Monday in the House, and most of the leaders were absent. Thomas Mulcair was present, and read off a pair of questions about the temporary foreign workers programme changes. Jason Kenney, the designated back-up PM du jour, stood up to insist him that Mulcair was wrong, and that these workers would be paid at the prevailing rate range, and only if Canadians were being paid at that same rate, and added that they need to ensure that the unemployed accept jobs in their regions. Mulcair transitioned the the lockout at US Steel, to which Kenney insisted that the question was pure demagoguery, and this was about a labour dispute. Chris Charlton stood up to ask the very same temporary foreign workers programme questions, to which Kenney gave her the same response, and brought up the many times that the NDP were begging him to allow more of said workers in their ridings. Marc Garneau led off for the Liberals, asking about the “payroll tax” of EI premiums. Kenney stood up to insist that the Liberals wanted more benefits without the increase in premiums, and that they wanted to repeal the GST cuts. For his last question, Garneau revisited last week’s theme of youth unemployment, to which Kenney insisted that no government has done more than theirs to help youth employment.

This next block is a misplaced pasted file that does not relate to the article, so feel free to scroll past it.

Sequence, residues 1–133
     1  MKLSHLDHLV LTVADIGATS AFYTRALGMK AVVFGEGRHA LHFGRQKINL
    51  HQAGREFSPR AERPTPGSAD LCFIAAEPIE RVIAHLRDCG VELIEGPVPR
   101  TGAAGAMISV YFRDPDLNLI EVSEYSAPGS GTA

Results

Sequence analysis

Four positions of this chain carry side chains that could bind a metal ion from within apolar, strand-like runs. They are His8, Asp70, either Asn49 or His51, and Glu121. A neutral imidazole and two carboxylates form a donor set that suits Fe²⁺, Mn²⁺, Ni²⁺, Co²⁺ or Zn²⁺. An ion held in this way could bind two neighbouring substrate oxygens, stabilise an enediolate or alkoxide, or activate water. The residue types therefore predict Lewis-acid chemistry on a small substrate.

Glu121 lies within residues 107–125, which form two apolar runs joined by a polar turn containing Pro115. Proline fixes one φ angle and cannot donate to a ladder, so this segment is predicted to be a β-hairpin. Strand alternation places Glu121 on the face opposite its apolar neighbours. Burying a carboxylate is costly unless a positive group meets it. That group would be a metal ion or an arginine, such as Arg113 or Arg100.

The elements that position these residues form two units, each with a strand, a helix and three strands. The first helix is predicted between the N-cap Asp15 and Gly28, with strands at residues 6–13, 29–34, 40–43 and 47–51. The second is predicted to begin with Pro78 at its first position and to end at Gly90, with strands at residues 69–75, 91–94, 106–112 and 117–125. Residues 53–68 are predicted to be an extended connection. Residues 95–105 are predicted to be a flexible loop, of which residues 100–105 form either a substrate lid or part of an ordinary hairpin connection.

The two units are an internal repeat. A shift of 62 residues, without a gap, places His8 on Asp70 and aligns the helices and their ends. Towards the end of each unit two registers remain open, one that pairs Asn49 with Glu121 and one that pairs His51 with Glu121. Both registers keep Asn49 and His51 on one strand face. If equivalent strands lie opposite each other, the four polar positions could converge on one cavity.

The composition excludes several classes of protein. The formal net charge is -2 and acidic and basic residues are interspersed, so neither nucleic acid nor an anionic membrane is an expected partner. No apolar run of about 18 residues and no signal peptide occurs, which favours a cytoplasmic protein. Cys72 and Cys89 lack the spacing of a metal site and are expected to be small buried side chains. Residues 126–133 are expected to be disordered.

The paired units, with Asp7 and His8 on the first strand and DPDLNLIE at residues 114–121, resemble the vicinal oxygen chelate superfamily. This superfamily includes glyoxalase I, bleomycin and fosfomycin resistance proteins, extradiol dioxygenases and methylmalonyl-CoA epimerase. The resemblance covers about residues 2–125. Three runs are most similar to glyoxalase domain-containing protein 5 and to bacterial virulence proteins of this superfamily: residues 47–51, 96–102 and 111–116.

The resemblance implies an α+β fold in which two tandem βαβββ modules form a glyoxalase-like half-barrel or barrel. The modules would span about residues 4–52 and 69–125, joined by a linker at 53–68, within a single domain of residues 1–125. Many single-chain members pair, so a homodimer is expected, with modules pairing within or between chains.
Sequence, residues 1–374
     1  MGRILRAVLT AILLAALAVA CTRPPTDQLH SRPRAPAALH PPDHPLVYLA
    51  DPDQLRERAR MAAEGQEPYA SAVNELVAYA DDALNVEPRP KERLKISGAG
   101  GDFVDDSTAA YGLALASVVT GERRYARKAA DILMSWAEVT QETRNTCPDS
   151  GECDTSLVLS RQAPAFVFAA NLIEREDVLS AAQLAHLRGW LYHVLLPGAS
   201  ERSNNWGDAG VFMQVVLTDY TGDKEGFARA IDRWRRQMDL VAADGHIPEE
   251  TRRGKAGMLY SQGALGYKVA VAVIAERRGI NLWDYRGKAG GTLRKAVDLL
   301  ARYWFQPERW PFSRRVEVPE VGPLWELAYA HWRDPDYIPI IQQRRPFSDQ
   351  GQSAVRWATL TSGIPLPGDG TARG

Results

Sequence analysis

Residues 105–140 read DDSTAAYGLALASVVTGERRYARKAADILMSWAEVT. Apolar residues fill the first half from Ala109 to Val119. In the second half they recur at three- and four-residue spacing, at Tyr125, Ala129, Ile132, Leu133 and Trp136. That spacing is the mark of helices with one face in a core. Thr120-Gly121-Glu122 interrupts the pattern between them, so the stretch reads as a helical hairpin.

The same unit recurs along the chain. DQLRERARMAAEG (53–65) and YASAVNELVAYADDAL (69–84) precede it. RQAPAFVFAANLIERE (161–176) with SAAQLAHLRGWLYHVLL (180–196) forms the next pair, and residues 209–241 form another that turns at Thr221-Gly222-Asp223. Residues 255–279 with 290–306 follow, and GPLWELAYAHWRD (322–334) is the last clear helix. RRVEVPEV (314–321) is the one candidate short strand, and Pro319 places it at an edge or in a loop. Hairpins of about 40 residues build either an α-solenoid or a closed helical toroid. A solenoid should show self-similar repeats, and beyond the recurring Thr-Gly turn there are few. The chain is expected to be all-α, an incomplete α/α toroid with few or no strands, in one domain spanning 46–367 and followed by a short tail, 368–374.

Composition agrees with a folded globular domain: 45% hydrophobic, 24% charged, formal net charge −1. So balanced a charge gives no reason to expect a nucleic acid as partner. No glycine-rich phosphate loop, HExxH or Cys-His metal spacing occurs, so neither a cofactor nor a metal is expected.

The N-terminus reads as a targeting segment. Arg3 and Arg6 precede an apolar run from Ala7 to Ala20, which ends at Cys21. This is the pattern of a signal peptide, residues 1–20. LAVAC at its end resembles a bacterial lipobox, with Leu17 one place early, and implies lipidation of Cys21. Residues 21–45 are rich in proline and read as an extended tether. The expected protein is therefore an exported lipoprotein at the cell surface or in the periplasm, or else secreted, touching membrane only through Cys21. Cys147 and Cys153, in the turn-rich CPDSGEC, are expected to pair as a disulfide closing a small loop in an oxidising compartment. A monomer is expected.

Vic Toews is all over the news right now, and quite possibly all over Question Period later today. Yesterday morning Toews was on The West Block and basically said that the RCMP “communications protocol” was put into place so that he doesn’t get ambushed by opposition questions in the House after the parliamentarians who had those meetings bring up things they discussed. Aww, muffin! Access to information documents also show that Toews tried to limit the RCMP’s apology to the families of victims of serial killer Robert Pickton. The RCMP ended up rejecting said revisions, saying they came in too late, but it appears to be a case of overreach, and likely an attempt to forestall any attempts of legal action that an admission that the RCMP could have done more to stop Pickton is likely to generate.
In order to mark Earth Day this year, the Conservatives will be launching their public access portal to oilsands monitoring data. It won’t be entirely populated with data, mind you, and last I checked, the governance structure still hadn’t been entirely decided (which is kind of a big thing), but hey, they’re actually putting it out there, right? Meanwhile, the National Energy Board is putting out stronger pipeline regulations going forward.